Millions of wall-anchoring kits designed to prevent dresser tip-overs have been recalled by the Consumer Product Safety Commission (CPSC) because a defective part may render them ineffective.

On January 11, 2024, the CPSC recalled the kits, made by New Age Industries, because a plastic zip tie “can become brittle or break,” which can allow a dresser that is supposed to be anchored to the wall to detach during a tip-over event, posing a potentially fatal risk to children.

The New Age furniture tip restraint kits were sold and distributed by various furniture companies nationwide and online beginning in November 2019. The kits include the plastic zip-tie, two brackets, and two screws, and were sold with dressers manufactured in Vietnam. The packaging of the recalled kits is white with black lettering and includes directions on how to anchor furniture. The bottom of the packaging states “Manufactured by New Age Industries.”

Furniture brands impacted by the recall are:

  • American Drew
  • American Woodcrafters
  • Amini Innovation Corporation
  • Ashley Furniture Industries, LLC
  • Aspenhome
  • Austin Group Furniture, LLC
  • Avalon International Inc., LLC
  • Bassett Furniture Industries, Inc.
  • Drew and Jonathan by Hooker Furnishings
  • Emery Park
  • FD Home Corp.
  • Flexsteel Industries, Inc.
  • Furniture Values International, LLC
  • Homelegance USA, LLC
  • Hooker Furnishings
  • Kincaid Furniture
  • LC Direct Furniture
  • Legacy Classic/Modern Furniture
  • Liberty Furniture Industries, Inc.
  • Magnussen Home Furnishings, Inc.
  • New Classic Home Furnishings, Inc.
  • Parker House Furniture
  • Progressive Furniture
  • Pulaski Furniture
  • Riverside Furniture
  • Samuel Lawrence
  • Springhill Designs
  • Standard Furniture Manufacturing Co., LLC
  • Universal Furniture
  • Van Thiel & Co.
  • Vanguard Furniture Company

The CPSC is instructing owners of dressers manufactured by these companies to immediately check if the back of the unit has a date of manufacture sticker or stamp of November 2019 or later. If so, and if the wall-anchoring kit is made of plastic, they should contact Alliance4Safety for a free replacement kit. Children should be kept away from the dresser until the replacement kit is installed.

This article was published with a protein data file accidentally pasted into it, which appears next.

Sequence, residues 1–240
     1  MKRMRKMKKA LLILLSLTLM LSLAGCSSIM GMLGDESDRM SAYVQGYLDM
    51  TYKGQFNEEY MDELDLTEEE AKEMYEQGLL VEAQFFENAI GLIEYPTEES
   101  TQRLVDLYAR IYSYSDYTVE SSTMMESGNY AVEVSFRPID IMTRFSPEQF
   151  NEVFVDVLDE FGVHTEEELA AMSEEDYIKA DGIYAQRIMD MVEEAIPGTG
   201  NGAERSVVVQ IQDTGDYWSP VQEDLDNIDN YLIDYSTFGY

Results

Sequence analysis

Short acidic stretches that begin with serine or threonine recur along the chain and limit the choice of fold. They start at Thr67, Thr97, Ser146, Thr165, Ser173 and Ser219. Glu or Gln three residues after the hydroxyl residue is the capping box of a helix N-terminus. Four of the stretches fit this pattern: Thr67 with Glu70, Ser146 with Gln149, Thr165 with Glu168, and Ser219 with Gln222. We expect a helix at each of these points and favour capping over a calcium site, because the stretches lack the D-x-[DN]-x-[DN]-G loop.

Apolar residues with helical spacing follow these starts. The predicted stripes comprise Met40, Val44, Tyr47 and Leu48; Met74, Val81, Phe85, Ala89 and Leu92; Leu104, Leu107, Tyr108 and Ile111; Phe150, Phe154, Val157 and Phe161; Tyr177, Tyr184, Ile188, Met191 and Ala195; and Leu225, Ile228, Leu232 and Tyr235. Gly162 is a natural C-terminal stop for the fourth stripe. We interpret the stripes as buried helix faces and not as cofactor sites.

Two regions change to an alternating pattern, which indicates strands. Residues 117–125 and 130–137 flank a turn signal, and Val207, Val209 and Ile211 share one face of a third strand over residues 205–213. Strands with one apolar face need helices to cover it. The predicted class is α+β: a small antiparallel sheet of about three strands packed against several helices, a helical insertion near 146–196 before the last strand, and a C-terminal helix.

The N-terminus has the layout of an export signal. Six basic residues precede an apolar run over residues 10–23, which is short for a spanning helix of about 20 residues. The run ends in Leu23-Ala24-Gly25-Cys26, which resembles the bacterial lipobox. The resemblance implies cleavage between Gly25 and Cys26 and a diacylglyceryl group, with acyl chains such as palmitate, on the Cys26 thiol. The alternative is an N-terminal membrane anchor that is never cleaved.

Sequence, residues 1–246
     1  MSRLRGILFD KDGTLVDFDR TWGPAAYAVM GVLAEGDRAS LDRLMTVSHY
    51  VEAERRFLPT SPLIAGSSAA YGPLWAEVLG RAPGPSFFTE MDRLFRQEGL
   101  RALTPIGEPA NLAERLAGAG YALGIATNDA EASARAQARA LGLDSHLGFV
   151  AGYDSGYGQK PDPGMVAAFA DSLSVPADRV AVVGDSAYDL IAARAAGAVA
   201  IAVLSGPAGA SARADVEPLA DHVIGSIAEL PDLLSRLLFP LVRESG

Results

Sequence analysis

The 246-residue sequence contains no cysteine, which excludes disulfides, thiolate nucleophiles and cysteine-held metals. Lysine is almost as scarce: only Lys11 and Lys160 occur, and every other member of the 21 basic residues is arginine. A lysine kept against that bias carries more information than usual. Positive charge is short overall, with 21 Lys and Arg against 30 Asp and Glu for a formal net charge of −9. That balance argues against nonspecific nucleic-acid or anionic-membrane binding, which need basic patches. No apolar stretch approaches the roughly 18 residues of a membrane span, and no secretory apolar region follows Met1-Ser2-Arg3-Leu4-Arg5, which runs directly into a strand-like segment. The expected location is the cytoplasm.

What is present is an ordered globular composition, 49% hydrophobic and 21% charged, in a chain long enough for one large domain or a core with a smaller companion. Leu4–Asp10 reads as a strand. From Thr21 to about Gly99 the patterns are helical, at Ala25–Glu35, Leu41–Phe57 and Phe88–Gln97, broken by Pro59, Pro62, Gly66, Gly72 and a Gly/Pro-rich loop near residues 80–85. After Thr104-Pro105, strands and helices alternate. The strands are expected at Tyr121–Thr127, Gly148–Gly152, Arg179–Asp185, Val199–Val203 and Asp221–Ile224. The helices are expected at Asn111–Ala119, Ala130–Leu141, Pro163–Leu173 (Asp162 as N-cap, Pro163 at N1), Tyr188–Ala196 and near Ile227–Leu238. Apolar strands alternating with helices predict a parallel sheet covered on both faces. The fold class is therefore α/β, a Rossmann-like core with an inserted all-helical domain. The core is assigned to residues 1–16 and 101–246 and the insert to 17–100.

How Many Children Are Injured by Dresser Tip-Overs?

From January 2000 through April 2022 there were 234 reported fatalities from dressers tipping over, including 199 child fatalities, according to the CPSC. The CPSC estimates that there were 84,100 dresser tip-over-related injuries (an estimated annual average of 5,300 injuries) treated in U.S. hospital emergency departments from 2006 through 2021. Of these, an estimated 72 percent were injuries to children.

Unstable dressers are particularly risky for curious toddlers, as they may open multiple dresser drawers or attempt to climb or sit in a drawer. Unfortunately, young children do not have the strength to prevent a dresser from falling or to lift a dresser that has tipped over onto them. Making an already dangerous situation worse, tip-over accidents often occur when parents think their child is safely asleep in bed, and parents may not hear the dresser fall because the child’s body and carpet often cushion the impact. And for every tip-over that causes injury, there are hundreds of “near misses” where a toddler manages to get out of the way, or a nearby adult catches the dresser, or it falls onto a bed or other nearby object.

Doesn’t the STURDY Act Prevent Dresser Tip-Overs?

The STURDY Act (Stop Tip-Overs of Unstable, Risky Dressers on Youth Act) went into effect on September 1, 2023, and requires that all dressers manufactured and sold in the United States after that date adhere to strict safety rules. Previously, the stability of dressers was governed by nothing more than a voluntary standard created primarily by the furniture industry itself.

However, the STURDY Act is not retroactive, and an untold number of unsafe and unstable dressers remain in use in people’s homes. Properly anchoring these dressers to a wall is critical to preventing tip-over injuries and deaths.

What Should I Do If My Child Has Been Injured by a Dresser Tip-Over?

Feldman Shepherd co-founding partner and product liability attorney Alan M. Feldman said that even prior to the STURDY Act, product liability law in most states has required that products be safe for their intended as well as expected use. “Manufacturers bear legal liability when children are injured by dressers that are unstable and unsafe for the normal way that children are expected to interact with them, which includes attempting to climb their dresser or pulling out all the drawers,” Feldman said. “The restraint kits that parents place their trust in to ensure that the dresser in their child’s bedroom will not tip over must be manufactured with durable and dependable materials,” Feldman added. He recommends contacting a product liability attorney as soon as possible if your child has been injured by a dresser tip-over.

Feldman, along with partners Daniel J. Mann and Edward S. Goldis, has recovered nearly $100 million on behalf of four families whose toddlers died from IKEA dresser tip-overs. In another dresser tip-over case, the team recovered what is believed to be the largest recovery for the death of a child in New York.